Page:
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The difference between
financial independence and a life of financial frustration comes down to attitude. The way you approach all aspects of your life, not just money, has a significant effect on your long-term financial growth. Personal philosophies dictate how you act and how you react to any situation you face.
It's worth the time to take a look at your personal philosophies to determine how they are helping or hurting you. Think about how you view the world and your place within it. Consider the relationships you have with people and the way you make sense of situations.
I didn't think about this much until I had a boss who encouraged me to take a look at how my own thoughts were preventing me from succeeding. Never being a fan of motivational nonsense, I wasn't always willing to listen. This was more about delivery than it was about the message itself; once I was ready to accept some criticism of myself, much later, I understood more about what he was trying to communicate.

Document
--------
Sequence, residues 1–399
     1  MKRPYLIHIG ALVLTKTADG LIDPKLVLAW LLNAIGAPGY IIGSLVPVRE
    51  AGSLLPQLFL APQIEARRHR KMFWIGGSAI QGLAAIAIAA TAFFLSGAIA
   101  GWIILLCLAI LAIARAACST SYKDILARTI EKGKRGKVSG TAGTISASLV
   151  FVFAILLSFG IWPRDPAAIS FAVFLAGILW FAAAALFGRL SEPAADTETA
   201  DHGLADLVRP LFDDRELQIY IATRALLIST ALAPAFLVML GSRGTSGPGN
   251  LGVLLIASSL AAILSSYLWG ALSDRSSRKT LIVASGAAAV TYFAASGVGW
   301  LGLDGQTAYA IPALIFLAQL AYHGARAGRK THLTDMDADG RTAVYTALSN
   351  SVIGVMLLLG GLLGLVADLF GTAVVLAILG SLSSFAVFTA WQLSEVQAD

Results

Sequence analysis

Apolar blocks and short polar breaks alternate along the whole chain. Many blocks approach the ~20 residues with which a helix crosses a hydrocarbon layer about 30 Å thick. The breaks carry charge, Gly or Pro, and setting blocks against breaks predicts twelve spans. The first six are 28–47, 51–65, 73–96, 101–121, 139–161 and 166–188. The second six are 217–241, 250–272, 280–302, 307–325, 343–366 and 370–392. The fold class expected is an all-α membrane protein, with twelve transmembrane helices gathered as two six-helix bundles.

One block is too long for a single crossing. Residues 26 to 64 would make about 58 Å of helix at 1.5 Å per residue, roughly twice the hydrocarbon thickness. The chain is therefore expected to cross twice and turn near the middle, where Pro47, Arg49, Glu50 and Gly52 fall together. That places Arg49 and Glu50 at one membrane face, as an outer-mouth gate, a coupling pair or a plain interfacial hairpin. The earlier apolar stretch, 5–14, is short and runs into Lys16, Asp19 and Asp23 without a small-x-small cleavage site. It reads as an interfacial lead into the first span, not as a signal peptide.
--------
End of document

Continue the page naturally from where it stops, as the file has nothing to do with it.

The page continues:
When I was younger, I tended to look for external reasons when any situation did not work out in my favor. I attributed bad results to things outside my control. For example, if I was late to the office, it was because traffic was worse than I expected. If I was going deeper into debt, it was because I wasn't getting paid enough by my employer to cover my basic necessities in addition to my costs to transport myself to the office every day. My approach to life required me to believe that many of the bad things that happened to me were brought on by external events, things which I could not control.
Eventually, I came to realize that I had much more control over my life. I learned to accept every moment as a choice, and that I had no one to blame for any bad circumstances but myself. While there are certainly situations that are affected by uncontrollable external forces, but these make up a very small percent of the factors that affect my life.